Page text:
Ways We Can Work
Below is a description of different ways of exploring mental health issues using counselling and psychotherapy. Don’t worry if you don’t know what kind of therapy you want yet, especially if we haven’t met yet for an initial assessment. You don’t even need to read the information below if you don’t want to, as we will discuss your options in the early sessions of therapy. I may also be able to point out some approaches that might be useful for your particular problem or goal. So, if you wish to simply have an initial assessment with me, please see my contact page.
That being said, you might find it helpful to read the information below, and you might find you have an idea of which approach would best suit you. If this is the case, you can let me know and we can aim to use this psychotherapy approach.
There are two broad ways of doing counselling and psychotherapy, counselling and Cognitive Behavioural Therapy (CBT). On this page we will first look at different forms of counselling.
Counselling is a way for you to talk things through in a non-judgemental space. It is an opportunity for you to simply express and explore your feelings without the fear of judgement. There are different ways I can help you do this. Of course, you might wish to explore using more than one of the approaches below, and that would be perfectly fine.
Humanistic Counselling: A form of counselling that draws on a mixture of counselling approaches, including many of the approaches below. Different models and techniques in counselling and psychotherapy are used at different times, depending on the types of things we discuss. This could be the type of psychotherapy for you if you are unsure about what approach would be best. Then, as we continue using this form of counselling, you might some specific style or technqiue that you like and we could then agree to do that more.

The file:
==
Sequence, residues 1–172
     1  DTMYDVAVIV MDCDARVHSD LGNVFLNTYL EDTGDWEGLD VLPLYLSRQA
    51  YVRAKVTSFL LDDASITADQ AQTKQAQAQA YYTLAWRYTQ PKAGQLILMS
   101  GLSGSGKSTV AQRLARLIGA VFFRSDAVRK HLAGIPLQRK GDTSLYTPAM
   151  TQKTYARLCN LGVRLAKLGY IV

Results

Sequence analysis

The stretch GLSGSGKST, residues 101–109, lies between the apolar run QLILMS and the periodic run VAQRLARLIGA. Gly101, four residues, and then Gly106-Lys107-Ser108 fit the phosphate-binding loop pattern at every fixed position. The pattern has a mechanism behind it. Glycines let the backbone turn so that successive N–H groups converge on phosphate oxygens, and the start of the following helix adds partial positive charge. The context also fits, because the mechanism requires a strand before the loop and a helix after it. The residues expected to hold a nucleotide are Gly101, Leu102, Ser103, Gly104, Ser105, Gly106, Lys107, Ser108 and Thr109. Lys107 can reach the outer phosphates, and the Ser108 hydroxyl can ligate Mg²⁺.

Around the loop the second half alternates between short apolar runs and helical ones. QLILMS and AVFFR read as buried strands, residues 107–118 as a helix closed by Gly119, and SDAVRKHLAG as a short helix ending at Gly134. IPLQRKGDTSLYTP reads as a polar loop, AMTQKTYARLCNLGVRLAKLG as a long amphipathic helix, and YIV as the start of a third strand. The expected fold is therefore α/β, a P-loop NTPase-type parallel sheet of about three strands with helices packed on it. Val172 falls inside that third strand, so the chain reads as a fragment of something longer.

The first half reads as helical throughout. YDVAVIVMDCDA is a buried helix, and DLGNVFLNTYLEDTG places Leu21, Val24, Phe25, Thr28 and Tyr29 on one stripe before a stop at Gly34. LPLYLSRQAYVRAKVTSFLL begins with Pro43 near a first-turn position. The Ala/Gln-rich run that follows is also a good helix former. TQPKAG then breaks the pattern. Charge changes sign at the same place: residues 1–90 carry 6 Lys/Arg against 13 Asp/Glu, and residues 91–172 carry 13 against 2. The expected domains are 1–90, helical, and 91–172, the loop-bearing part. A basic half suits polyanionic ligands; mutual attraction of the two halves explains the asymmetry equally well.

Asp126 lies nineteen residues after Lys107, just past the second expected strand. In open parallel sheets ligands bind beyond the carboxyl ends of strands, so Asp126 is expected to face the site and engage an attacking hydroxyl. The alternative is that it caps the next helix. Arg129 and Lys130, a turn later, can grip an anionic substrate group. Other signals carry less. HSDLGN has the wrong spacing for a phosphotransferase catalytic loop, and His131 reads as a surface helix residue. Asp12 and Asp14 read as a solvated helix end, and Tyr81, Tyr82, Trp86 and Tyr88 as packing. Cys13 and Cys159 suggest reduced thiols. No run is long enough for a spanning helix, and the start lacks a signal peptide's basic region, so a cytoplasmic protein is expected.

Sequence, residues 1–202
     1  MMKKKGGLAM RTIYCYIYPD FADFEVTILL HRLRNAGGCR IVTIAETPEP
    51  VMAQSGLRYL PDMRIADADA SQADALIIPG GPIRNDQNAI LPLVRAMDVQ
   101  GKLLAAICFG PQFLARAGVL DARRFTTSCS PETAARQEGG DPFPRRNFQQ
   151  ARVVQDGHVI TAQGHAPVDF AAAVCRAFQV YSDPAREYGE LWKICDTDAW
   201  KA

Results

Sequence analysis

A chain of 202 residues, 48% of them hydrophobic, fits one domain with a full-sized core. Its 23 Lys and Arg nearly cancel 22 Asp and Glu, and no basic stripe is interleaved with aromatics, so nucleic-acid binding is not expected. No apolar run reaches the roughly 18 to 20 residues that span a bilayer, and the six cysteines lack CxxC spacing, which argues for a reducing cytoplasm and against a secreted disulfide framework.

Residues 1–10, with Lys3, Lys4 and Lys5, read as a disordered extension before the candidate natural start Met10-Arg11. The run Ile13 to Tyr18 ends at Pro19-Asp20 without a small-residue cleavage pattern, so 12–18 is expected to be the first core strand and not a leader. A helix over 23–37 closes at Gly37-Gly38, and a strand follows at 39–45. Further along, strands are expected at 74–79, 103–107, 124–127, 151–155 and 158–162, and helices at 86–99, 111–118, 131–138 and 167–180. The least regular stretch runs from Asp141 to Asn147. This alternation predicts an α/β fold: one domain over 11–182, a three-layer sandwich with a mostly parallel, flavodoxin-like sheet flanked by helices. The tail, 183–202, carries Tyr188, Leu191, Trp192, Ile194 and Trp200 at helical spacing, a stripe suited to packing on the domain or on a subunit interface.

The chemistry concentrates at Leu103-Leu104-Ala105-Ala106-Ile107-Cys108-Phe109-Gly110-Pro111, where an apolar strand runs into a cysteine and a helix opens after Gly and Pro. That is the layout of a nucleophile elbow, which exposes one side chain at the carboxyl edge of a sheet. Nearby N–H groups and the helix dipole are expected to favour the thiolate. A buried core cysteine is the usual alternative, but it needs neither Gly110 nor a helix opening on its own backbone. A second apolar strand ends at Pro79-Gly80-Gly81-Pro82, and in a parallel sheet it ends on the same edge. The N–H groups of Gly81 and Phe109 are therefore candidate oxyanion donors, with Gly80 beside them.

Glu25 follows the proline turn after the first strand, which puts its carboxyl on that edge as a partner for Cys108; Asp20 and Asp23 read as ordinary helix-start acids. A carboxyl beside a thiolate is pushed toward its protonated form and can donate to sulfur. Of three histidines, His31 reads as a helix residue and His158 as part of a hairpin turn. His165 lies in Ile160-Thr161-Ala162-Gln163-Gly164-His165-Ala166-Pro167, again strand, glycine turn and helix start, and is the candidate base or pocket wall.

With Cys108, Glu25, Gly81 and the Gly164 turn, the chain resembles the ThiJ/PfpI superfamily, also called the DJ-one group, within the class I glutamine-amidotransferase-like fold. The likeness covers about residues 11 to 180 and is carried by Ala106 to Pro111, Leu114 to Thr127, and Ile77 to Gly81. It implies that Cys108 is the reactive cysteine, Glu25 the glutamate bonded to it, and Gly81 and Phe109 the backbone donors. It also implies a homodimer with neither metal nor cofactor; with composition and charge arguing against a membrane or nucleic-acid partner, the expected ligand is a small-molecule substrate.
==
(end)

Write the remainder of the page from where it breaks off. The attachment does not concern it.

Motivational Counselling: Motivational counselling is particularly useful for people struggling with addictions, procrastination, or indecision, and involves helping people build up motivation to change.
Solution-Focused Therapy: This approach is designed to help you explore what you want to achieve, how you want to achieve it, and then making the changes you want to make. Here, we look at the solution, not the problem, and progress from there.
Person-Centred Therapy: A classic counselling approach. No techniques, no tools, no goals – just listening. The person-centred approach is particularly useful if you simply need to talk things through and express your feelings. This approach can also be useful when experiencing grief or loss, or if exploring relationship issues.
Psycho-dynamic Counselling: Another classic counselling approach focusing on how the past can influence the present. Emphasis is placed on family, past experiences and relationships, and how these impact on you today. The aim here is to increase awareness so that change becomes possible.
Dream Therapy: For people who want to explore the meaning of their dreams, this is a way for you to open up the power of your mind and gain a deeper insight into your unconscious. This approach includes methods on how to capture and record your dreams. Click here to find out more.
Existential Counselling: This approach focuses on some of the fundamental elements of life, such as death, or the meaning/meaninglessness of life, and how to resolve conflicts that arise out of these fundamental concerns. This can involve finding personal answers to such questions as ‘what’s the point in living if, in the end, we die?’ This approach can also be used for people experiencing death anxiety.
Spiritual Counselling: This might be a useful approach for people experiencing general life dissatisfaction or spiritual frustration, including a sense of meaninglessness or lack of joy. Here, we can draw upon different spiritual teachings and practises across the world to aid in finding meaning in life, and peace of mind. Meditation, compassion, and philosophical ideas about desire, peace, suffering and contentment could be explored here.
Cognitive Behavioural Therapy (CBT): Within a CBT-based approach there are two broad ways of approach therapy, using a low-intensity approach and a high-intensity approach. See the CBT Section for more.